Develop Programmatic Responses to Systemic Barriers
If large numbers of students are affected by chronic absence, that suggests some type of systemic barrier or barriers are at play. Identifying the barriers to attendance can indicate the appropriate solutions, whether that involves establishing uniform closets, improving access to health care, launching walking school buses, providing tutoring, offering mentoring, developing morning or afterschool care and other approaches.
Once you know whether chronic absence is a problem in your school and for which groups of children, it is important to begin examining what factors might be affecting attendance. This guide discusses how you can use quantitative and qualitative data to inform your understanding. It includes a matrix to help you analyze factors that contribute to chronic absence, as well as what assets might help in addressing the issue. Understanding the Root Causes of Student Absenteeism can help teachers identify the likely causes of absenteeism for a student who is chronically absent in their class.
Use data to determine where and how to target resources that can address common challenges of getting to school and build a local culture of attendance. Consider targeting the schools with the highest levels of chronic absence and the community agencies with the strongest relationships there.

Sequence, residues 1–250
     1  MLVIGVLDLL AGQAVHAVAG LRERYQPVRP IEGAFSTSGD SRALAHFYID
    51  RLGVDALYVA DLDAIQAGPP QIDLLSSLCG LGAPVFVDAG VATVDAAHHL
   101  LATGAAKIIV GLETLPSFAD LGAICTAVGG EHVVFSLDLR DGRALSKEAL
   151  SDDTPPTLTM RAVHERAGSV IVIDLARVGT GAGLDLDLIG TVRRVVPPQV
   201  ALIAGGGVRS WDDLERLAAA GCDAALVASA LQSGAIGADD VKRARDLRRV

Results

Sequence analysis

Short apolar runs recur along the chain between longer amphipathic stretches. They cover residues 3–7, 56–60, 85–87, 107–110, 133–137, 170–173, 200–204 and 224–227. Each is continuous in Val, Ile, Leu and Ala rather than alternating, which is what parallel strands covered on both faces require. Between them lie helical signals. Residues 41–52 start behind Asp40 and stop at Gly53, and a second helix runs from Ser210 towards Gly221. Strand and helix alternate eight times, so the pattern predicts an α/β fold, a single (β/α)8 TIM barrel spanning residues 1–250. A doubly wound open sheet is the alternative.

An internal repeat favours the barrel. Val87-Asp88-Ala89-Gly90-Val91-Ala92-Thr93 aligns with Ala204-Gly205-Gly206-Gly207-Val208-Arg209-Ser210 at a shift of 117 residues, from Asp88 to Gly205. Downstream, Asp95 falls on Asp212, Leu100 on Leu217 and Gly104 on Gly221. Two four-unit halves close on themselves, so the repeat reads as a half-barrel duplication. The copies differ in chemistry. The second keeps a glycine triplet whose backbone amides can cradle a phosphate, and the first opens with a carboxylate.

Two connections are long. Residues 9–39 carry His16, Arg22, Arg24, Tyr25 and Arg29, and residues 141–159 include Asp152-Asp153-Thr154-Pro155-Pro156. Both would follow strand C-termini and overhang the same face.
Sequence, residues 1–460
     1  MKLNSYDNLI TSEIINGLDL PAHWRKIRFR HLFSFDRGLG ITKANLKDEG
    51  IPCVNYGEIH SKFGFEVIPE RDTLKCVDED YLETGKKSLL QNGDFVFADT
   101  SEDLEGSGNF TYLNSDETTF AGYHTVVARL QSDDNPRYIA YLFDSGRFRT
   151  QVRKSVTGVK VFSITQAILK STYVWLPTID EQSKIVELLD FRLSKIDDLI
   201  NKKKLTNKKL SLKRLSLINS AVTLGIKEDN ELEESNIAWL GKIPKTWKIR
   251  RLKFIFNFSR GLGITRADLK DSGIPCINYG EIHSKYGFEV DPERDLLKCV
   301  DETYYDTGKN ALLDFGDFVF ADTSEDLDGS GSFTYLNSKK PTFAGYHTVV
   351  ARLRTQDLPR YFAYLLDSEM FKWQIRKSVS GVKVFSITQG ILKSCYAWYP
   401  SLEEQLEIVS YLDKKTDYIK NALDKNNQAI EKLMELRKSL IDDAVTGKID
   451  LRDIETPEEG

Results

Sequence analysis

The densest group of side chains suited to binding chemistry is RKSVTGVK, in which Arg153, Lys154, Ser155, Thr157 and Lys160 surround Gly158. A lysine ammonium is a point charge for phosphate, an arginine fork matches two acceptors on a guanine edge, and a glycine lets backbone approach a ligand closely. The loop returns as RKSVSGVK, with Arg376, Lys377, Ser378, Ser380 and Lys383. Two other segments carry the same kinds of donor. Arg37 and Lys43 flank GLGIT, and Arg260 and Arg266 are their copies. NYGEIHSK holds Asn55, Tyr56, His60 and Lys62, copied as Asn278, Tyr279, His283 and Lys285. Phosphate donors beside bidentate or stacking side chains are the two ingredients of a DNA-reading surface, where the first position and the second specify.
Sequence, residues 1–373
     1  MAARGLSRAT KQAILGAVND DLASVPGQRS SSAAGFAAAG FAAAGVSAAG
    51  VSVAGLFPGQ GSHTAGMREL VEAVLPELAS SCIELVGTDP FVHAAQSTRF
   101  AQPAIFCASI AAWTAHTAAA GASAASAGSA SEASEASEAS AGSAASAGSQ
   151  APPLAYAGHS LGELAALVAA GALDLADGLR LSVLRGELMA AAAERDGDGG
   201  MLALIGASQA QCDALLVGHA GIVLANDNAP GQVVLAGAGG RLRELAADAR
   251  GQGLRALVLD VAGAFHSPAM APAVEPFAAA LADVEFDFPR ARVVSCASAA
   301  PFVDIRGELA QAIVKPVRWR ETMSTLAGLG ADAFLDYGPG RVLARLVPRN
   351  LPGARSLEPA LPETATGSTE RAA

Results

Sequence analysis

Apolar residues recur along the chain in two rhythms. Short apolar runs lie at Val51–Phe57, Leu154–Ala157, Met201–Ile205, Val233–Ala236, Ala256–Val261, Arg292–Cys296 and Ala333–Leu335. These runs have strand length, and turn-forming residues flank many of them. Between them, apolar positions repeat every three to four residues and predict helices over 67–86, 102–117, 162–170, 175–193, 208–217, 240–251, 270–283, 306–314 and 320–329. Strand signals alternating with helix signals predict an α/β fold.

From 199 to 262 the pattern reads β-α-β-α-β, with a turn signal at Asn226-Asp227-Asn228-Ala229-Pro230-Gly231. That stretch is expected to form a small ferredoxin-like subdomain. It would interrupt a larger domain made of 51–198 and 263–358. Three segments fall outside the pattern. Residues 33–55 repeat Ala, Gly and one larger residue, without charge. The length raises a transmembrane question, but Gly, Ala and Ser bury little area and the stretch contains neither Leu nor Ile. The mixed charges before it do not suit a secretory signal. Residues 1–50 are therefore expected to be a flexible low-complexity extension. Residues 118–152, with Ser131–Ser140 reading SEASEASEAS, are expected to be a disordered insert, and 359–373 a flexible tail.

Safe Routes to Schools
Some students miss school because of neighborhood violence or dangerous intersections in route to the campus. Schools and communities have started creating. “Walking School Buses” and other approaches to keep kids safe.
Breakfast in the Classroom
Students who eat breakfast at school attend an average 1.5 more days of school every year. When offered in the classroom, breakfast can be an opportunity to bond with the teacher and get kids ready for class.
Research shows that good afterschool programs can improve school-day attendance. Ensure that schools with high chronic absence rates have access to quality programs, and work with the afterschool providers to target at-risk students.